Department of Family and Community Services

Health and wellbeing

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Heath quality of life is becoming a key issue for women as the average lifespan extends. Biology is responsible for some of the differences in women’s and men’s patterns of illness and health, with social and cultural factors also playing a part.

Timely access to quality health services, especially in regional NSW is a critical matter for women who often have responsibility for family health care. However, lifestyle, behaviour and social environment are also critical to keeping people healthy and out of hospital.

Participation in the paid workforce and physical and emotional safety have been shown in research to directly link to psychological and physical health.

In this chapter we focus on areas where the health impact is disproportionately experienced by women, or where service use is different for women and men. It includes some sex-specific indicators related to reproductive health, and features antenatal and maternal health as a Focus Topic.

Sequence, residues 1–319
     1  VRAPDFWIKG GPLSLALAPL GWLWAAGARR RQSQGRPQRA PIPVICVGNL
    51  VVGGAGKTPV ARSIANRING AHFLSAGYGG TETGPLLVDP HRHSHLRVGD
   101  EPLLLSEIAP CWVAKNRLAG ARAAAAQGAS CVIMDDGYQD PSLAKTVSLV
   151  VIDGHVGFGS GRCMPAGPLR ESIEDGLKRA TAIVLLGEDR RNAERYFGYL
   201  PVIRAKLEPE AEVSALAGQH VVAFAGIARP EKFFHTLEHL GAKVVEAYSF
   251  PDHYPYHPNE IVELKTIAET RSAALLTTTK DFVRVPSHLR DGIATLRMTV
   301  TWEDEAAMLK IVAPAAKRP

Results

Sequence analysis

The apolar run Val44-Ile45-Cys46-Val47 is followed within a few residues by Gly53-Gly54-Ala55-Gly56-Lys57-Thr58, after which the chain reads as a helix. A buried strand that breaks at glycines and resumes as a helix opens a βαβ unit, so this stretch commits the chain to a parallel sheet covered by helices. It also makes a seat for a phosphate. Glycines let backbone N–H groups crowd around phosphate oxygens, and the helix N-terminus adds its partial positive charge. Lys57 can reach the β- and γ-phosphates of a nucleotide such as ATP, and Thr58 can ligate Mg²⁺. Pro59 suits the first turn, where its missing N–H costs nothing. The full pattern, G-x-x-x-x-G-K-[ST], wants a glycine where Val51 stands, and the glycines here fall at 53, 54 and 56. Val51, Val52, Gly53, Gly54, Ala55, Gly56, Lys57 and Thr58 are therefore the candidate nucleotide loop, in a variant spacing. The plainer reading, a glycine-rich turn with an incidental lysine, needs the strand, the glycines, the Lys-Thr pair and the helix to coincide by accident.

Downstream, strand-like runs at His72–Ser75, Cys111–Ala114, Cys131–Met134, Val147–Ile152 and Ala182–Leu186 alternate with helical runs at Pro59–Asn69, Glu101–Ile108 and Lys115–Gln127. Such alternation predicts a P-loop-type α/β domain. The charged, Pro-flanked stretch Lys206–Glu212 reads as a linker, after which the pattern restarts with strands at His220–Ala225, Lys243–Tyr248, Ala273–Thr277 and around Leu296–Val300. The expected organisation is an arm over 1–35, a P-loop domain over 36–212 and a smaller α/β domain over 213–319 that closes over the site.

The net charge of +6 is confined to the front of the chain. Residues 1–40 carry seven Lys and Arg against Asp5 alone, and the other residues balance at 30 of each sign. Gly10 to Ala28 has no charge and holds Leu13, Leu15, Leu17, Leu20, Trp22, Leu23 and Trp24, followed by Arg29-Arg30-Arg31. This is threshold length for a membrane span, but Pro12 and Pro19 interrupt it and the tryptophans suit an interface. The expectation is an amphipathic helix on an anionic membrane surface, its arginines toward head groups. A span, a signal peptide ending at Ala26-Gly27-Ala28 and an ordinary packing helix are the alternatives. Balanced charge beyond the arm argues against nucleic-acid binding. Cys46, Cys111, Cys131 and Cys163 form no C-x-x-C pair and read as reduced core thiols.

We report on well-being (broad indicators of self-rated health and community connection); illness and injury rates, in particular where women and men have different outcomes; health-related behaviours which increasingly determine health outcomes; and service access and use.

Because health outcomes are influenced by the cumulative effect of social determinants over time, age is a salient factor in presenting many of the indicators. The experiences of population sub-groups including Aboriginal and socio-economic groups are also shown.

As in 2012, this chapter makes use of data from the NSW Health Adult Population Health Survey and NSW Health patient data. In addition, the findings from the ABS Australian Health Survey 2011-12 are used where available to provide complementary data or add a different perspective to the topics under discussion.